Father of KPI and the dashboards that track them. A major inspiration for the KPI Framework that we have today.
Nov. 19, 1909 – Nov. 11 2005 (aged 95)
Management consultant, educator, and author, whose writings contributed to the philosophical and practical foundations of the modern business corporation.
Henry Laurence Gantt Medal (1959)
Austrian Cross of Honour for Science and Art, 1st class (1991)
Presidential Medal of Freedom (2002)
In 2005, Peter Drucker was celebrated by BusinessWeek magazine as “the man who invented management.” Drucker spent his career advising management within a variety of companies, nonprofits, and government agencies. His life work was not motivated by success in business but rather in trying to create what he termed “a functioning society.”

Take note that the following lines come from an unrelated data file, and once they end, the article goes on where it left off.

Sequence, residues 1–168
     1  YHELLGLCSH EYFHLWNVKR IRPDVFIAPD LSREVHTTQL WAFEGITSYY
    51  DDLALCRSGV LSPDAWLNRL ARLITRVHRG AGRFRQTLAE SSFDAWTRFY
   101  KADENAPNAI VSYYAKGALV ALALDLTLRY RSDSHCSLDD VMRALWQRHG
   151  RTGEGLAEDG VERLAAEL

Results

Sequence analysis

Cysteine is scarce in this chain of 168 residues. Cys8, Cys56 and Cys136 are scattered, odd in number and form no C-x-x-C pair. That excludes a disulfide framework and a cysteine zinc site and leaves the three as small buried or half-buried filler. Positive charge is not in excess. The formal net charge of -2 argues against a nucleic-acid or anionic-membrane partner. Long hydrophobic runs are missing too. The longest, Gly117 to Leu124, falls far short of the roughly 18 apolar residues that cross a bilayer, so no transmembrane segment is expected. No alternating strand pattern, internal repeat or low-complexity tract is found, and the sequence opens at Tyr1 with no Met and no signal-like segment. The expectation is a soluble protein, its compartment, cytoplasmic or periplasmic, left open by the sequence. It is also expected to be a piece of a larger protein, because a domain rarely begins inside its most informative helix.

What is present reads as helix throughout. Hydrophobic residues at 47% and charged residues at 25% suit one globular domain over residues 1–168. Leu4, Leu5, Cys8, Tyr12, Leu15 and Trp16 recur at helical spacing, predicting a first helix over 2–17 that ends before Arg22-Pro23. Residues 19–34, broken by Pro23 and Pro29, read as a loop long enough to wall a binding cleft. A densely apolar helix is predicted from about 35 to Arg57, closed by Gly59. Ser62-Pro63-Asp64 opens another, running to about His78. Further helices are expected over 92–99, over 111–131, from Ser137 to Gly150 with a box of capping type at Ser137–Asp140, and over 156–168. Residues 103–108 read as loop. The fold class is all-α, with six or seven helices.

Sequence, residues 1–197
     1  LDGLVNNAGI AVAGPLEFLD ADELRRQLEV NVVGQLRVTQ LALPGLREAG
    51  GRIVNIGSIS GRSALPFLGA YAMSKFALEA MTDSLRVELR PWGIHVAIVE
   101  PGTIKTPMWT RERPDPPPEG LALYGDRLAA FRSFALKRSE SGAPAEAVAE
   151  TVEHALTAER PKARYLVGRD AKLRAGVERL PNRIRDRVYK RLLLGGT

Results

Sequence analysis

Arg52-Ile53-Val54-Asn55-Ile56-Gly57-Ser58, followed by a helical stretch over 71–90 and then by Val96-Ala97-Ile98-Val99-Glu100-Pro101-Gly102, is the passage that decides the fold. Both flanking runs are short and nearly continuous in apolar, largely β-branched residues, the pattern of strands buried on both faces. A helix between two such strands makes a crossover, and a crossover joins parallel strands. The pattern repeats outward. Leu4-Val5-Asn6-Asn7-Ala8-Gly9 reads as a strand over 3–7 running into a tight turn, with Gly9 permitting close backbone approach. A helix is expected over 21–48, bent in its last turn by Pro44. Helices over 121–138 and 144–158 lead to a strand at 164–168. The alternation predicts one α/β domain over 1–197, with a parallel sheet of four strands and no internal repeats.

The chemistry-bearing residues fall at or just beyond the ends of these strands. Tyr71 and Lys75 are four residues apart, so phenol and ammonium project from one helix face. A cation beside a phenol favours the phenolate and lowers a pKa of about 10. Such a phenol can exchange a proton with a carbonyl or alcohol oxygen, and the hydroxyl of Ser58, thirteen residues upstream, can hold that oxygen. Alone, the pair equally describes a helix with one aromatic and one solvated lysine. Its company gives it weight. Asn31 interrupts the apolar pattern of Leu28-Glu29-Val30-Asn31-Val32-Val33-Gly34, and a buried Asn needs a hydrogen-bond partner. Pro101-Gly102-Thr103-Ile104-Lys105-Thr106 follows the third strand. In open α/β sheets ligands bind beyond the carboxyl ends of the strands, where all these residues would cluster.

Born in Vienna, Austria, Peter Drucker, began his formal consulting practice where he worked with major institutions like Sears, Roebuck, and IBM. Peter Drucker could be considered the father of KPI and the dashboards that track them. Drucker spent his life exploring the way human beings organized themselves and how they interact. As a writer, professor, management consultant, and self-described “social ecologist,” he contributed a lot to society and how businesses are managed today. He said “A strategy without metrics is just a wish. And metrics that are not aligned with strategic objectives are a waste of time.” Not until the late 1990s did his concepts associated with key performance indicators (KPI) and the introduction of Robert S. Kaplan and David P. Norton’s Balanced Scorecard really allow for KPI Dashboards to become popular. Today, the use of dashboards has become an important part of business success and management decisions.
More in Peter Drucker: https://www.drucker.institute/perspective/about-peter-drucker/
Life of Peter Drucker: https://en.wikipedia.org/wiki/Peter_Drucker